Dominic Raab has come out against potential changes to the Gender Recognition Act which would make things easier for transgender children, as he ramps up his campaign for the Tory leadership contest.

Raab is one of the frontrunners in the race to succeed Theresa May at 10 Downing Street.



Though Brexit is dominating much of the debate around the contest, the next prime minister will also inherit the responsibility of reforming the Gender Recognition Act, which governs the rights of trans people.

Speaking to The Independent on Thursday (May 30), Raab said that he wants a society which is “tolerant and warm” to LGBT people, but thinks government should be “very careful” about transgender rights.

“I certainly don’t think I want to make it easier [for a young person to transition],” he said.

—Dominic Raab MP

“I think you need to be very careful with people of that age.”

He added that while he wants “everyone to feel comfortable in their own skin,” he worries about “the vulnerability of other people” such as “children at a very tender age in school.”

Mermaids, the charity which supports transgender children and young people, told PinkNews that it is “concerned” about Raab’s choice of phrase.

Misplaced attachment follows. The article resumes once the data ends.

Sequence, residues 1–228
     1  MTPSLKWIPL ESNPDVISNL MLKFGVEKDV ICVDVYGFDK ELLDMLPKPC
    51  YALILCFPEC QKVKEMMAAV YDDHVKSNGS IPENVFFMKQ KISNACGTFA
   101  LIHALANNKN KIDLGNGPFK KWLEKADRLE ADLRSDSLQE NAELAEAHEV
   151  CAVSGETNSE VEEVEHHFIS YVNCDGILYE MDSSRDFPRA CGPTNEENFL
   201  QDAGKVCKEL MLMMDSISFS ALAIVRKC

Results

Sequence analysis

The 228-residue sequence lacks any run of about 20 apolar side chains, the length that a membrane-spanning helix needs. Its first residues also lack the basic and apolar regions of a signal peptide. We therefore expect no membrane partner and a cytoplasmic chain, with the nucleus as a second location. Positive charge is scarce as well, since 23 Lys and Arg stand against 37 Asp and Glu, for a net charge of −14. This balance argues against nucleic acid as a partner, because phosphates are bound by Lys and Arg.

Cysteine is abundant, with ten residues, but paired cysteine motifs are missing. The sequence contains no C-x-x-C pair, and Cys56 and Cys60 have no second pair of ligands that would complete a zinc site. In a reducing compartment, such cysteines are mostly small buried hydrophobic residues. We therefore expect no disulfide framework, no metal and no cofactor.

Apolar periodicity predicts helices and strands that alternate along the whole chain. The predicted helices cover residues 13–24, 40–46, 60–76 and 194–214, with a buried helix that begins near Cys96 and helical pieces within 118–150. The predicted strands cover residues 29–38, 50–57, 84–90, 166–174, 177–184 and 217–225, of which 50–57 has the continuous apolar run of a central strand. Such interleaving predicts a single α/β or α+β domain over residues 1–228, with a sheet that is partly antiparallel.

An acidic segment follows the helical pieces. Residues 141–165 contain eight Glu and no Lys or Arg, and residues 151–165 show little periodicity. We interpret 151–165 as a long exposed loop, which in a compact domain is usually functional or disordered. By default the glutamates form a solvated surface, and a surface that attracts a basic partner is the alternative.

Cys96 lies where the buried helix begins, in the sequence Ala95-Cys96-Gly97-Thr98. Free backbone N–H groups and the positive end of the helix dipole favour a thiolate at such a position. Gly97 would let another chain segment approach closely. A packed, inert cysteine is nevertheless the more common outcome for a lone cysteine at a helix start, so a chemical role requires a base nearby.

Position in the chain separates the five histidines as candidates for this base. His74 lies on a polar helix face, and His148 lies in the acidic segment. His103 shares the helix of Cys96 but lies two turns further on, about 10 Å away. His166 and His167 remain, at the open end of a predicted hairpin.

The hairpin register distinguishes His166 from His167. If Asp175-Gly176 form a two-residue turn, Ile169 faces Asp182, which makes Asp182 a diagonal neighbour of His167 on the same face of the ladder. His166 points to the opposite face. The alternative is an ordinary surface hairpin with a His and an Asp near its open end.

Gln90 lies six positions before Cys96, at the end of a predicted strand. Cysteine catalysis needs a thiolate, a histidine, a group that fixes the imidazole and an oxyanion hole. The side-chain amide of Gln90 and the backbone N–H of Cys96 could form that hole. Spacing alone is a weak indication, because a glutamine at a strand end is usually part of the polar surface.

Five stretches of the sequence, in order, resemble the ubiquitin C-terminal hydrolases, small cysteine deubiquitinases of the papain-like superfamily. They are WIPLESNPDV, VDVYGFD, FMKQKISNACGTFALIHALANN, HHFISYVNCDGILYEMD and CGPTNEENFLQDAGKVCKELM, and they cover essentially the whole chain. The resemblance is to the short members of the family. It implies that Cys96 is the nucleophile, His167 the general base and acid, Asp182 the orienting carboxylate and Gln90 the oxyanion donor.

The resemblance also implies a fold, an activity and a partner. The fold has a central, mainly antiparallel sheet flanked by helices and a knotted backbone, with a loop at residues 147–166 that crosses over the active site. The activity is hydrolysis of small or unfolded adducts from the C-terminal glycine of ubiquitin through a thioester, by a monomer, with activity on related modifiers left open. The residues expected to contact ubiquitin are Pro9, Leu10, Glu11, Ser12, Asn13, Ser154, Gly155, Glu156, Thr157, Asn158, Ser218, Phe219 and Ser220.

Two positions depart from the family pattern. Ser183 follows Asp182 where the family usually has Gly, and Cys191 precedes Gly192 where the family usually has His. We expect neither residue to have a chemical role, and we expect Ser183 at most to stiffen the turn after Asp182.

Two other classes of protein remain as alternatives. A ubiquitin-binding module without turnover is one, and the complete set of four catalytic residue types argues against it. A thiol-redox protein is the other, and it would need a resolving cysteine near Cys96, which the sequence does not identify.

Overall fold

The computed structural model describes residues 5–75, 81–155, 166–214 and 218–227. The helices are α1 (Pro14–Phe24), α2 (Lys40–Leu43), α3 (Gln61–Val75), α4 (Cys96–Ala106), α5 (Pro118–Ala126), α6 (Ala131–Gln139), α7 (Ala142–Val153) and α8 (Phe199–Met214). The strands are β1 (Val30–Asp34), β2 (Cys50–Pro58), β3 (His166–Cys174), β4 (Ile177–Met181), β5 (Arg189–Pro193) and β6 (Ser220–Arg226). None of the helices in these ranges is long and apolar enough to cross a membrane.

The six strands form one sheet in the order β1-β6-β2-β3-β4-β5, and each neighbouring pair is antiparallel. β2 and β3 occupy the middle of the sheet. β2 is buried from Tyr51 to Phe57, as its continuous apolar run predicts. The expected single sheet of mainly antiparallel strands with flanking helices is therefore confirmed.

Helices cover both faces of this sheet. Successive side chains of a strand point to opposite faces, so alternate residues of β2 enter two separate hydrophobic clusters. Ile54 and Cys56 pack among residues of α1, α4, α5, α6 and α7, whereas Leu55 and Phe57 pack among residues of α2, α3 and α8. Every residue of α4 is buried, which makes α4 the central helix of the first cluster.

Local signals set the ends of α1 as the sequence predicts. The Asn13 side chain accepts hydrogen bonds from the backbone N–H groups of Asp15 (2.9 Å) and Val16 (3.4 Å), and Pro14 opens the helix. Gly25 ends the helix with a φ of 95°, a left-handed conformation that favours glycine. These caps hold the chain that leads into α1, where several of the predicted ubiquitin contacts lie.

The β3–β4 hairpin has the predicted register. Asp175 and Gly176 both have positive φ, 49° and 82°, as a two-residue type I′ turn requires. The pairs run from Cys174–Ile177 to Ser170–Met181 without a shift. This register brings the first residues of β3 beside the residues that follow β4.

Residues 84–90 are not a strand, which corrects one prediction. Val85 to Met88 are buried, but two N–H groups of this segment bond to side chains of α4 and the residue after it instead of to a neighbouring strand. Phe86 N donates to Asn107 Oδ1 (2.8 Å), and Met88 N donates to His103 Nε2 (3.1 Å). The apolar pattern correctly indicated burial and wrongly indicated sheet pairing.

“His intentions may be sincere but his words will have sent a chill down the spines of many parents and anyone who understands the Equality Act,” a spokesperson said.

dominic-raab.jpg?resize=430%2C286&ssl=1Dominic Raab. (Tolga Akmen/Getty)

“We’re concerned that he seems to imply trans children might pose a threat to their friends and classmates.”

“Raab is right to worry for vulnerable transgender kids and we need brave politicians to step beyond their own ideologies and instant emotional responses and listen to children and parents who are simply trying to cope with homework, GCSEs and SATs, lost PE kits and everyday playground spats, without being misunderstood by politicians who don’t yet understand the reality of their daily lives.”

As it stands, young transgender people have limited options available to them until they turn 18.

All trans people have the right to live as their proper gender, which includes accessing single-sex spaces such as bathrooms.

A young trans person can change their name and request to be addressed by their preferred pronouns at school or college, but cannot apply for an updated birth certificate to reflect their gender until they are 18.

The standard NHS treatment for trans children with a medical diagnosis of gender dysphoria is to delay puberty through hormone blockers—a treatment which is reversible.

A 2018 consultation on the Gender Recognition Act included questions on removing the requirement for a medical diagnosis for people of all ages seeking a legal transition, and giving young people the right to have their documents updated.

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